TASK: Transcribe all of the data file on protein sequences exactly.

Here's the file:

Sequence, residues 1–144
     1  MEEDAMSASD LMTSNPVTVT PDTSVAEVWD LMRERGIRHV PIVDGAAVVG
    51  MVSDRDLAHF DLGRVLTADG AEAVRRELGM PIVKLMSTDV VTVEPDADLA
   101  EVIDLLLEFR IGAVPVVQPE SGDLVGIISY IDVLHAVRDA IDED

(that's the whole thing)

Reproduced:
Sequence, residues 1–144
     1  MEEDAMSASD LMTSNPVTVT PDTSVAEVWD LMRERGIRHV PIVDGAAVVG
    51  MVSDRDLAHF DLGRVLTADG AEAVRRELGM PIVKLMSTDV VTVEPDADLA
   101  EVIDLLLEFR IGAVPVVQPE SGDLVGIISY IDVLHAVRDA IDED